FLASH!: ‘Marvel’ous Doctor Strange

In a place called Kamar-Taj in Kathmandu, Nepal, the villainous Kaecilius and his henchpeople steal a ritual from a book belonging to The Ancient One and disappear after murdering the librarian. The event shakes up the mystic arts cult.

In faraway New York, highly acclaimed (and exceedingly arrogant) neurosurgeon Doctor (not Mister, mind you!) Stephen Strange meets with a horrific accident. He spends his wealth in numerous experimental procedures, none of which are successful. He loses the support of his former lover Christine Palmer when he refuses to move on and mocks her. He is directed to Kamar-Taj by a paraplegic who claims to have been treated there. Though rejected at first because of his arrogance, the Ancient One ultimately relents and takes him under her wing.

Let me be frank here: I’m not a Marvel fan (DC for life!). It’s just that the films aren’t as cool as the DC ones are (save MoS and BvS). And Captain America is irritating. Like really. And Tony has also started to get on my nerves. This film however, steps away from the madness and hamminess of the Avengers.

Director Scott Derrickson does a good job. Unlike many other superhero movie directors, he doesn’t get carried away. He shows great restrain (especially in the Strange-Palmer scenes), while still allowing the characters to flourish. The screenplay, written by Derrickson, Jon Spaihts, and Robert Cargill, also deserves a lot of credit. Written in a somewhat Inception-like fashion, it also has a lot of Coenesque wit and humour which, unlike other Marvel films, doesn’t go overboard. It also has a fresh superhero story to tell, unlike so many other films of the genre. Ben Davis’ cinematography is truly delightful, making the film what it is: enchanting. Luma Pictures and Industrial Light & Magic pull off a challenging series of visual effects (aided by Charles Wood’s marvellous production design), visually enhancing the film. Michael Giacchino’s beautiful music adds a mysterious element to the film.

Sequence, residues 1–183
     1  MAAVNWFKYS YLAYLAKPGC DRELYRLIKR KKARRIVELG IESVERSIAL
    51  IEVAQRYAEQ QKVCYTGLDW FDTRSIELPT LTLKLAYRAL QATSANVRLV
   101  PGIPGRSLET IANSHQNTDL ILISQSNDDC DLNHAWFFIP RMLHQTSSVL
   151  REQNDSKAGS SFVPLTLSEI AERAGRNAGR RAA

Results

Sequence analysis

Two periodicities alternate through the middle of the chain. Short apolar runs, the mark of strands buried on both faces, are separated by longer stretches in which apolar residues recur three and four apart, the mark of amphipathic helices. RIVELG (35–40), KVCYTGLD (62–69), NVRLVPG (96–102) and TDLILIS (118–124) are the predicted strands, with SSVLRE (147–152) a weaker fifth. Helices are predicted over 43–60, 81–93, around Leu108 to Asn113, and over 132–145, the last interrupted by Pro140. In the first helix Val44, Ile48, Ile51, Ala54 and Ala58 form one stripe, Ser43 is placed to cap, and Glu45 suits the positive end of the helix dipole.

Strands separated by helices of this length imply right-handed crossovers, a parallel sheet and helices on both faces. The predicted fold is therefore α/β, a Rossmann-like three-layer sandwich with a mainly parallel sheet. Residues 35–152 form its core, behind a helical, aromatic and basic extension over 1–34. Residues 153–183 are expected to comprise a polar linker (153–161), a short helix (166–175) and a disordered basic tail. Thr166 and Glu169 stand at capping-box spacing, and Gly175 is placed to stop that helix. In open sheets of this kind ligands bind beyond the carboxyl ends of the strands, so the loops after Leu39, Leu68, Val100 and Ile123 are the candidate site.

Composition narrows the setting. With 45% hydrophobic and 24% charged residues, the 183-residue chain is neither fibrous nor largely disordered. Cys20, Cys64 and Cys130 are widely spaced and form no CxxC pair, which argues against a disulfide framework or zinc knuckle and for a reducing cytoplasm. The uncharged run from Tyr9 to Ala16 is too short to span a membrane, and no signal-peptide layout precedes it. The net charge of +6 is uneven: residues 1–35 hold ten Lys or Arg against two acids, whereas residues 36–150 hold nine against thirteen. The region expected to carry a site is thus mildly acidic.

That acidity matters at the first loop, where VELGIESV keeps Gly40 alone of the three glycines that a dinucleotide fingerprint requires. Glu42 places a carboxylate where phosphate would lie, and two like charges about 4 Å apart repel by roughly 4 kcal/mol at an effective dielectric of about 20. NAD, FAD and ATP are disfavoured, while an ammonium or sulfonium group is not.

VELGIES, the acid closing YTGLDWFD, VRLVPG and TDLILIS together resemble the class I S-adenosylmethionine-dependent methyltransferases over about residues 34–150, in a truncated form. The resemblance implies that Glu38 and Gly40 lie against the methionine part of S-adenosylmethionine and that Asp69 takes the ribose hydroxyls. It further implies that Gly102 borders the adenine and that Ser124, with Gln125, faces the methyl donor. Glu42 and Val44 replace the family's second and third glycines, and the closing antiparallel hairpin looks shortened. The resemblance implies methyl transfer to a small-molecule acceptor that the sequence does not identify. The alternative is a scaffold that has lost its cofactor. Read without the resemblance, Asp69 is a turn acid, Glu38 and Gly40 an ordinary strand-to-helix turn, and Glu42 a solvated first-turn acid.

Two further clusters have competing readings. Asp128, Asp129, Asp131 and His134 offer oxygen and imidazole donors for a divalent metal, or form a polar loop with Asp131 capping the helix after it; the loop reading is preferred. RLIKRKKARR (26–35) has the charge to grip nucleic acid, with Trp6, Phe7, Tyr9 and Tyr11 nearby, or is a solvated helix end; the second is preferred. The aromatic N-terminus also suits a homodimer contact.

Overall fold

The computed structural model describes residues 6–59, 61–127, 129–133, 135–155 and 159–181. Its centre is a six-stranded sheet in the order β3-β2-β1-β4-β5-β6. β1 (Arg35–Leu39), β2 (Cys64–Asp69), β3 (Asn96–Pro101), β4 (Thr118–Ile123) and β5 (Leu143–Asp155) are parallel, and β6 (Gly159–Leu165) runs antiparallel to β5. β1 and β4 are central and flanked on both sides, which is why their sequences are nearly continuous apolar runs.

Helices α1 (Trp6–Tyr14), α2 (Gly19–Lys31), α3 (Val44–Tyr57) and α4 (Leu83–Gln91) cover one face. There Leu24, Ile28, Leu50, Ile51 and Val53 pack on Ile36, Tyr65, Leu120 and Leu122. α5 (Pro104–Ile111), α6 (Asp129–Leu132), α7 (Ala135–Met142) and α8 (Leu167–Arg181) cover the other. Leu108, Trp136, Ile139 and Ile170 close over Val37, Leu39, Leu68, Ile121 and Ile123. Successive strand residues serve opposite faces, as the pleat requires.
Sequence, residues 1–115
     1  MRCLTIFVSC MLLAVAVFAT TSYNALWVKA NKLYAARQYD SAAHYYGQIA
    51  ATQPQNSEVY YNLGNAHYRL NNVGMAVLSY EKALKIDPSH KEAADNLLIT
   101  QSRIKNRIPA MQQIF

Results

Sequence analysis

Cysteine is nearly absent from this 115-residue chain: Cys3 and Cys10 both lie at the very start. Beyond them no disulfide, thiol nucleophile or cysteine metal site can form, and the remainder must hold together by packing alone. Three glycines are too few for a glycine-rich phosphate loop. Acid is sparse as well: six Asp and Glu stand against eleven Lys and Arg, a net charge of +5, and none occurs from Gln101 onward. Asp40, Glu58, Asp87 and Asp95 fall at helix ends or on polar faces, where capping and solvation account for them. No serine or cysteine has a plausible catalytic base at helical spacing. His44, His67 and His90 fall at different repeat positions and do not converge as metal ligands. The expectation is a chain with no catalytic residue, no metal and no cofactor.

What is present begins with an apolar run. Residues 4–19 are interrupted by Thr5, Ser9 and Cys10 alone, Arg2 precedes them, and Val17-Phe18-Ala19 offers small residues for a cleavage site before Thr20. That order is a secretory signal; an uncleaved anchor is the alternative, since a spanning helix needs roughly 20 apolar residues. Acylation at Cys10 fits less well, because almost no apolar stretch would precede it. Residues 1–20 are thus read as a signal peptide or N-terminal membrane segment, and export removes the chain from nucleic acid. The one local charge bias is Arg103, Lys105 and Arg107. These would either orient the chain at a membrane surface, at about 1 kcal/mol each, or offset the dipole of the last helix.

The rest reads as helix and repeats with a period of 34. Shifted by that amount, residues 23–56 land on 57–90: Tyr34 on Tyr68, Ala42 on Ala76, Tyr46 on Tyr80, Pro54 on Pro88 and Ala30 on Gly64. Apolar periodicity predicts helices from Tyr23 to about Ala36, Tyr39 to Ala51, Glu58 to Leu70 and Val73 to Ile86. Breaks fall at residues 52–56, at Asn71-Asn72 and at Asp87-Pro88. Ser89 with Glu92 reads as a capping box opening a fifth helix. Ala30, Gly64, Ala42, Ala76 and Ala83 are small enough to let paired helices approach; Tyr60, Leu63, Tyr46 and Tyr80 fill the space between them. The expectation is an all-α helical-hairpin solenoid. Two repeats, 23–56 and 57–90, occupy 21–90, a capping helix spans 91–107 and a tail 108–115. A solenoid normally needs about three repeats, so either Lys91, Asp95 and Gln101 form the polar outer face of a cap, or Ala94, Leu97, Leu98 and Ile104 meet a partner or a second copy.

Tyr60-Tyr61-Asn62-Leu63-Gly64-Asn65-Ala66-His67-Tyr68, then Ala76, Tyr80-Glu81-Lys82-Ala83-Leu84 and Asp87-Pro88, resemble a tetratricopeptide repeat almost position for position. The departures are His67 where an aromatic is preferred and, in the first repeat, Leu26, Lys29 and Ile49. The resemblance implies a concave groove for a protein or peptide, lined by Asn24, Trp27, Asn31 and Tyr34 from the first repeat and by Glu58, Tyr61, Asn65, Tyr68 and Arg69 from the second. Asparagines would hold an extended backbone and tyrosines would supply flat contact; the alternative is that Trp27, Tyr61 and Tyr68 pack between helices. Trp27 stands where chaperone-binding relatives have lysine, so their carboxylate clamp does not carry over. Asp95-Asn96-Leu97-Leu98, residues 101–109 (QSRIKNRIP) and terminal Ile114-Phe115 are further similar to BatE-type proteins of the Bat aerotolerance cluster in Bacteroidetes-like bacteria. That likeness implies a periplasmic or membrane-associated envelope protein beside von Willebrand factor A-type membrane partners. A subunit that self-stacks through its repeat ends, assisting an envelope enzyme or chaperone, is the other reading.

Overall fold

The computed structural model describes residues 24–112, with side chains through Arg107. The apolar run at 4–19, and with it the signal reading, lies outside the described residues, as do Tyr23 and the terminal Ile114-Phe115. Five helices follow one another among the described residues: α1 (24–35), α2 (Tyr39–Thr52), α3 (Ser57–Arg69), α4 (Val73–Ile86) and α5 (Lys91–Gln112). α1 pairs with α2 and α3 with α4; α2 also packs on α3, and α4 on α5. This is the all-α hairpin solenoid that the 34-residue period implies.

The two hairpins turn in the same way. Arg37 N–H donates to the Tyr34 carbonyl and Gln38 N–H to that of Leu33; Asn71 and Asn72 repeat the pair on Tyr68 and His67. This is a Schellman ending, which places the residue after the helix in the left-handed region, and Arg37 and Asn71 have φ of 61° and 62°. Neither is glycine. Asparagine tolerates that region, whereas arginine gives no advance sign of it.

Tilda Swinton portrays the Ancient One with boldness and conviction, surpassing her White Witch act from Narnia. Rachel McAdams brings normalcy and a bit of softness to the film with her performance of Christine Palmer. Benedict Wong pulls off Wong without allowing any Western stereotypes about Asians to interfere with his performance. Thankfully, the director didn’t seem to want such stereotypes. Chiwetel Ejiofor’s Mordo is an interesting performance, especially towards the end of the film. Ejiofor plays the character in his usual understated manner, making an impact all the same. Mads Mikkelsen, that master of villainy, is powerful as Kaecilius, and has some of the best lines in the film. If there were an Oscar for Best Villain, this film would’ve given Mikkelsen his second of those. Benedict Cumberbatch brings in a lot of his Sherlock-ish characteristics, while still letting the character seem original. He is in top form throughout the film, transforming into Strange and making you believe that he is the character. Cumberbatch is a genius of an actor.

All in all, a film I thoroughly enjoyed. Watch it for everything it has to offer and you will not be disappointed one bit.

Doctor Strange: 4/5


Image: Internet Movie Database (IMDb)

Varun Bhakay’s Writer’s Block (2016)


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